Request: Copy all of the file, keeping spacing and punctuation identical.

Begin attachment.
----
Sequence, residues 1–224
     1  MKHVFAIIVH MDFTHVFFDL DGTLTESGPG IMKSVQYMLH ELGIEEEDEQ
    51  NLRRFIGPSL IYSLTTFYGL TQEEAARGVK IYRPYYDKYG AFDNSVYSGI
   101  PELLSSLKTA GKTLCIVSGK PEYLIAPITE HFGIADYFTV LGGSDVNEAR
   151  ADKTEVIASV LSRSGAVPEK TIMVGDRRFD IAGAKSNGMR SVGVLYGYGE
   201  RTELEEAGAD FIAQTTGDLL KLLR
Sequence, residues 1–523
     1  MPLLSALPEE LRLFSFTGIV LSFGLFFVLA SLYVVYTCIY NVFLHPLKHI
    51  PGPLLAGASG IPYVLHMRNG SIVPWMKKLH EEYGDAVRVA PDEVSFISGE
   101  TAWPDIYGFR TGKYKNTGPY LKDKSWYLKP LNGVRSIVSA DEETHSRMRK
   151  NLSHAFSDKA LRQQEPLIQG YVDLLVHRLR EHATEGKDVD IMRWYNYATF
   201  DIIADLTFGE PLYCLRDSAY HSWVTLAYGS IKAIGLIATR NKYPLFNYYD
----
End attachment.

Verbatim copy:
Sequence, residues 1–224
     1  MKHVFAIIVH MDFTHVFFDL DGTLTESGPG IMKSVQYMLH ELGIEEEDEQ
    51  NLRRFIGPSL IYSLTTFYGL TQEEAARGVK IYRPYYDKYG AFDNSVYSGI
   101  PELLSSLKTA GKTLCIVSGK PEYLIAPITE HFGIADYFTV LGGSDVNEAR
   151  ADKTEVIASV LSRSGAVPEK TIMVGDRRFD IAGAKSNGMR SVGVLYGYGE
   201  RTELEEAGAD FIAQTTGDLL KLLR
Sequence, residues 1–523
     1  MPLLSALPEE LRLFSFTGIV LSFGLFFVLA SLYVVYTCIY NVFLHPLKHI
    51  PGPLLAGASG IPYVLHMRNG SIVPWMKKLH EEYGDAVRVA PDEVSFISGE
   101  TAWPDIYGFR TGKYKNTGPY LKDKSWYLKP LNGVRSIVSA DEETHSRMRK
   151  NLSHAFSDKA LRQQEPLIQG YVDLLVHRLR EHATEGKDVD IMRWYNYATF
   201  DIIADLTFGE PLYCLRDSAY HSWVTLAYGS IKAIGLIATR NKYPLFNYYD